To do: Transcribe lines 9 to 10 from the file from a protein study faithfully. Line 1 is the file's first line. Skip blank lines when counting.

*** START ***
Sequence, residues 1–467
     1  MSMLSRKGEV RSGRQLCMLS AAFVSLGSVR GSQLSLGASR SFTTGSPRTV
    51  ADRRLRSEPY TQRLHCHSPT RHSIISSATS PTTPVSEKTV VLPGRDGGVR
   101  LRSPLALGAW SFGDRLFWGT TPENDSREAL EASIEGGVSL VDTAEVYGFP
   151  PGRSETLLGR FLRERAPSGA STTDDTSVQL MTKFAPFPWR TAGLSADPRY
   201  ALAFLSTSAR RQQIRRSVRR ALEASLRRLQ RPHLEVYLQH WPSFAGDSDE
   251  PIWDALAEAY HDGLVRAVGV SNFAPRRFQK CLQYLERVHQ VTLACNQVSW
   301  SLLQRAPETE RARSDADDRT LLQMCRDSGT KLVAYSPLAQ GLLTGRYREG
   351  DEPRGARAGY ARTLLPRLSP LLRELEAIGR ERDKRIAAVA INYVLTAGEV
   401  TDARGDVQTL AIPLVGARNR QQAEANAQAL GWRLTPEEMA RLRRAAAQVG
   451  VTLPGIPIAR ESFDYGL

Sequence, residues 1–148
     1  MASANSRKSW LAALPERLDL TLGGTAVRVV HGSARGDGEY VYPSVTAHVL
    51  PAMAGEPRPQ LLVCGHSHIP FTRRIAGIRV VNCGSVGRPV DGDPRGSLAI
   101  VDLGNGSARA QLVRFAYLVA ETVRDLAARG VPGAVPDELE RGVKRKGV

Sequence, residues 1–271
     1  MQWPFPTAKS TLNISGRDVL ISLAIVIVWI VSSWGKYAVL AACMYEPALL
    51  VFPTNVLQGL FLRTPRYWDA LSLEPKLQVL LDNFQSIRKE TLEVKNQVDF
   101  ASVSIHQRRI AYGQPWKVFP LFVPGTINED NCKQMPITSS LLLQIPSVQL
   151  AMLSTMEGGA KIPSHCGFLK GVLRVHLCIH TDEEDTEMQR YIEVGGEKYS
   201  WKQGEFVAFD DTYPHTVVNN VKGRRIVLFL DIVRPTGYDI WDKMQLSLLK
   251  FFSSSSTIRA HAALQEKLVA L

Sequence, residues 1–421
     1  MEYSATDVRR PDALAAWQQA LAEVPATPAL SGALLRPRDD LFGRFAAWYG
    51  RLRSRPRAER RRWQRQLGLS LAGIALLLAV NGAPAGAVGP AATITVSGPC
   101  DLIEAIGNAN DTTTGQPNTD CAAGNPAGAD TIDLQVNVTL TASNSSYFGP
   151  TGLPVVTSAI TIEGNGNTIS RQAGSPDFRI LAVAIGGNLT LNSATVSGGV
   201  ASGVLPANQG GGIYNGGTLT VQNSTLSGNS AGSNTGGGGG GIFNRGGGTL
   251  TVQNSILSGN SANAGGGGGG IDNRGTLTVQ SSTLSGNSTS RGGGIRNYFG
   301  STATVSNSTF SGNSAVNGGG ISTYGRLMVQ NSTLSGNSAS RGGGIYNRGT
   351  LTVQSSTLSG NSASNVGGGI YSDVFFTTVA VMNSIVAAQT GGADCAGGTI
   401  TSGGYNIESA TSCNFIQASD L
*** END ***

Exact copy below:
   351  DEPRGARAGY ARTLLPRLSP LLRELEAIGR ERDKRIAAVA INYVLTAGEV
   401  TDARGDVQTL AIPLVGARNR QQAEANAQAL GWRLTPEEMA RLRRAAAQVG